For the past five-and-a-half years, Karli and Caleb Ingersoll have fanned the flames of the local music scene from the Bartlett, the venue they opened in December 2013 in the Richmond Building on the east end of downtown Spokane.
The Bartlett hosts local, regional and national acts and even has its own annual award ceremony.
When envisioning the Bartlett, the Ingersolls pictured a larger venue, but at the time it made sense for them to start with the 150-person capacity space.
“The Bartlett was a way to start smaller and try to grow and build and even see if Spokane would support what we were doing,” Caleb said. “We quickly realized with the Bartlett, we started selling out shows pretty fast and then it was like ‘Oh, I guess Spokane is ready for this.’ ”
Years later, the Ingersolls have gotten the larger venue they’d pictured with the opening of their latest endeavor, the Lucky You Lounge.
Lucky You, located at 1801 W. Sunset Blvd., is a 320-person capacity venue for ages 21 and older that features two stages, a restaurant and a bar. It’s open seven nights a week, even when there isn’t a show going on, and there are free shows Thursdays through Saturdays on the basement stage.
To raise capital for Lucky You, the Ingersolls hosted a benefit at the Bartlett and raised more than $35,000 in one night.
Before opening the lounge, the Ingersolls thought again of opening an 800-person capacity space, no restaurant in sight.
In partnership with Dan Spalding, who they rent the Bartlett from, the Ingersolls were convinced to take on the building, which previously housed the Sunset Junction.
“We essentially had to model the business plan around what was here,” Karli said. “There was a kitchen already here. It needed a lot of work but the bones of the space warranted the whole seven-days-a-week-restaurant concept. We wouldn’t have done that otherwise but it worked out for this space and the neighborhood.”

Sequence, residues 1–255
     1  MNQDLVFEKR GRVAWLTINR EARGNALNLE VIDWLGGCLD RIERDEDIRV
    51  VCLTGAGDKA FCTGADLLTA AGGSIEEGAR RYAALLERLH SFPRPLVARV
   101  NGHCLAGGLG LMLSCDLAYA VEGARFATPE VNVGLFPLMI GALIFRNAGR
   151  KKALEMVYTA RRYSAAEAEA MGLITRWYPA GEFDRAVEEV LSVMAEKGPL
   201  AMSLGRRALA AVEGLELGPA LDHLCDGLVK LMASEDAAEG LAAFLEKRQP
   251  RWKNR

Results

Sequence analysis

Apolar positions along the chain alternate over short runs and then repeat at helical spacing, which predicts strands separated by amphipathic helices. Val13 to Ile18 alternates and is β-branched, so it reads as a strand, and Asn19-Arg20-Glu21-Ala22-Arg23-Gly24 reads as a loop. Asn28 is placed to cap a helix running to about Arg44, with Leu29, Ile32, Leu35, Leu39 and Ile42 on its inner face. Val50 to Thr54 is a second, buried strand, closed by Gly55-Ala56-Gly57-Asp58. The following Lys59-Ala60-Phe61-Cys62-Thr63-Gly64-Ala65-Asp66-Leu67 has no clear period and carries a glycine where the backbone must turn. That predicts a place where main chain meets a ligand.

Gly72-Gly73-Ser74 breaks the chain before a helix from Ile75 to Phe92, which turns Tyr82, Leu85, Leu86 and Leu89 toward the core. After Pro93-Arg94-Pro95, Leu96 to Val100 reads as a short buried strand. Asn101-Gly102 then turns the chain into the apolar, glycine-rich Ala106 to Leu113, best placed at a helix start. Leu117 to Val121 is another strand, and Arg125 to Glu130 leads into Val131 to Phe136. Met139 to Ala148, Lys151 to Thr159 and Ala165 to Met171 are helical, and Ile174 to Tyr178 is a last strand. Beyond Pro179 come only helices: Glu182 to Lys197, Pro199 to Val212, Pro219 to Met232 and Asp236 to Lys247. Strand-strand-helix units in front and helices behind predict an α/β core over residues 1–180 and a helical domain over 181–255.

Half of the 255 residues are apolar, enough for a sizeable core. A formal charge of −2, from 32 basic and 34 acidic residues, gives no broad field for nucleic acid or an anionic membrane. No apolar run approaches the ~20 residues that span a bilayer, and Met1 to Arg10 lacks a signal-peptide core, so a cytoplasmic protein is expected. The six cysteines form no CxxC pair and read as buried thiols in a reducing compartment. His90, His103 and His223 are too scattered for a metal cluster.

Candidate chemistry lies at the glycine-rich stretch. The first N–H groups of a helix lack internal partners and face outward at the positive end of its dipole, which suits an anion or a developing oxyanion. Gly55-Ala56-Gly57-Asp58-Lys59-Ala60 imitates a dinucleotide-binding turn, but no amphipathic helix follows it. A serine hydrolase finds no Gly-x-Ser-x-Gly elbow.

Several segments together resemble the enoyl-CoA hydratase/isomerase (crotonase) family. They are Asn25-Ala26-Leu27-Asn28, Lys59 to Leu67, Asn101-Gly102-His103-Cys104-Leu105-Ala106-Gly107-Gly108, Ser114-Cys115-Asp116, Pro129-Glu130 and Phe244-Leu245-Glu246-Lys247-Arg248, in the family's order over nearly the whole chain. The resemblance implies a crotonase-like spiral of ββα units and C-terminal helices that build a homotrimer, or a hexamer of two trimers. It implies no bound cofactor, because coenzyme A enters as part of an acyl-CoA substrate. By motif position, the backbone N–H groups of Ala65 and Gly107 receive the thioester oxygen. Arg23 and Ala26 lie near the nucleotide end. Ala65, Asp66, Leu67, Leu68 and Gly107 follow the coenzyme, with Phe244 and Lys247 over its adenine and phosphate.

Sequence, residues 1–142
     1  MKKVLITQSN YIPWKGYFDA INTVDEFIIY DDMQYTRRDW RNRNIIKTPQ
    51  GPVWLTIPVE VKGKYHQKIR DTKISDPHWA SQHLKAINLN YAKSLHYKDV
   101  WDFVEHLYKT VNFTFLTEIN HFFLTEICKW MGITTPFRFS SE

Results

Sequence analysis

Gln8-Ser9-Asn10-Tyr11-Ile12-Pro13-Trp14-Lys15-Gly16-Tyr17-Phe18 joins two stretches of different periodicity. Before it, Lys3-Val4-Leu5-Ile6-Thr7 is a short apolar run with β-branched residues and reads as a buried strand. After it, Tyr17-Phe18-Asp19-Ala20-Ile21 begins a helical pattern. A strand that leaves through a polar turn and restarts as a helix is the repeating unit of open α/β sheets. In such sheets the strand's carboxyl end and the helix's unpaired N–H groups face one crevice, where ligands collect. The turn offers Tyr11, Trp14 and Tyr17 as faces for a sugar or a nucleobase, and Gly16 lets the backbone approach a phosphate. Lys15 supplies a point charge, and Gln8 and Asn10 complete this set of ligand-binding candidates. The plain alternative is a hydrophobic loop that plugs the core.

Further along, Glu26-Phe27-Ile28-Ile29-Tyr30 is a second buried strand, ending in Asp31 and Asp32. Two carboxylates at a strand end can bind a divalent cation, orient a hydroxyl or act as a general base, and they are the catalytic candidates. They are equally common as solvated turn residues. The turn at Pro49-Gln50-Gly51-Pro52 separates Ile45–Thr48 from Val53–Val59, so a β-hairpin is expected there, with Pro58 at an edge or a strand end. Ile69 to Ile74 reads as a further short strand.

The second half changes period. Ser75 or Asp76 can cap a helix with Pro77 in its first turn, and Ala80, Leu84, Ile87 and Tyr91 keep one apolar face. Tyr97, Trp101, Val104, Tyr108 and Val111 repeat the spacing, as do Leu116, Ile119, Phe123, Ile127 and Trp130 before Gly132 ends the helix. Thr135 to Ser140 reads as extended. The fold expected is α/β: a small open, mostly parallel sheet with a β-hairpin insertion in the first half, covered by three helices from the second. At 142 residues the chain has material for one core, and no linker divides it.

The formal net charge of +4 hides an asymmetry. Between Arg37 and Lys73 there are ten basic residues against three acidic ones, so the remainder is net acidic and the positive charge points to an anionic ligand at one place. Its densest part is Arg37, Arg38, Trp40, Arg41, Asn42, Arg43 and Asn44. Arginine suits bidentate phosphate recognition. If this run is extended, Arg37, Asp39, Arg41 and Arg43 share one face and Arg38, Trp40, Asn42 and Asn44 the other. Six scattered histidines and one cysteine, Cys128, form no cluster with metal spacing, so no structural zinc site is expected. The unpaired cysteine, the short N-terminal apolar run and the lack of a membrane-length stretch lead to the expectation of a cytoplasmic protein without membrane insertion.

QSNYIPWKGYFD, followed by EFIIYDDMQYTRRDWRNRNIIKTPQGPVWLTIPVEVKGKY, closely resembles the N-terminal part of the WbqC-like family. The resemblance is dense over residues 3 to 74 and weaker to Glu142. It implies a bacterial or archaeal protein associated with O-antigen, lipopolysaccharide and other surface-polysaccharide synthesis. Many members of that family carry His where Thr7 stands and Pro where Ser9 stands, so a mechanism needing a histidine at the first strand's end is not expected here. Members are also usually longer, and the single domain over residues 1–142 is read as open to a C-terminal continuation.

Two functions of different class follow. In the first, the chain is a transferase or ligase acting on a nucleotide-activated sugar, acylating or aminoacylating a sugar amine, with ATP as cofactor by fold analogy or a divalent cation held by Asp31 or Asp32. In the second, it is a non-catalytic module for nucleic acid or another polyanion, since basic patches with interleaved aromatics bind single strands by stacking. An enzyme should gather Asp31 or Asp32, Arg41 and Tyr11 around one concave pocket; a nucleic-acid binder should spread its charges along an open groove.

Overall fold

Hoping to add to the nightlife/restaurant scene in Browne’s Addition, the Ingersolls hired chef Josh Grimes, who runs the kitchen and planned the menu, a collection of starters and snacks, soups and salads, sandwiches and main courses, many of which are vegan and/or gluten free.
The full kitchen isn’t the only difference between Lucky You and the Bartlett.
The couple decided to make Lucky You a 21-plus venue (the Bartlett is all-ages) because they wanted the space to have a more mature atmosphere.
Lucky You will also feature a more eclectic concert calendar – everything from rock and hip-hop to electronic, soul and jazz – in comparison to the Bartlett’s folk-, string-, singer/songwriter-heavy lineup.
There will be a bit of collaboration between the two venues though.
The Ingersolls plan to use the Lucky You basement stage to host acts if the Bartlett is already booked or if they don’t think the act would sell enough tickets for a Bartlett show.
“It adds another opportunity for new bands that probably not that many people know about to come here and play,” Karli said.
Though Lucky You has already hosted a few shows (Mudhoney and the Dip both sold out), the lounge will have its grand opening weekend June 13-15 with performances by the Cave Singers and the Black Tones, Deep Sea Diver and Nat Park, and Super Sparkle and Sisters.
“It was a combo of trying to make a really fun lineup, but then also work with some bands that we have a good history with at the Bartlett as well,” Caleb said.
Built to Spill will headline Lucky You on June 21, the Joy Formidable will perform on July 18, and A Tribe Called Red will take the stage on July 22.
“We’re just now digging into booking because we were working so hard to get open that the calendar’s a little thin right now but we’re going to fill it in some,” Karli said.
The Ingersolls are looking forward to bringing more music to Spokane and working with other venues like the Knitting Factory to do so.
They can picture, perhaps next year, a patio and outdoor stage, and they’d like to hold theme nights.
Overall, the pair hope Lucky You Lounge will become a “step-up venue” for both local and touring acts who sell out the Bartlett but aren’t yet big enough for venues like the Knitting Factory.
“There’s a lot of bands that we’ve worked with at the Bartlett that grow and it’s a bummer when they then skip Spokane because there’s not a venue that’s the right size,” Karli said. “We want to keep working with those bands and continue our relationship with them so having a bigger spot is a great way for that to happen.”
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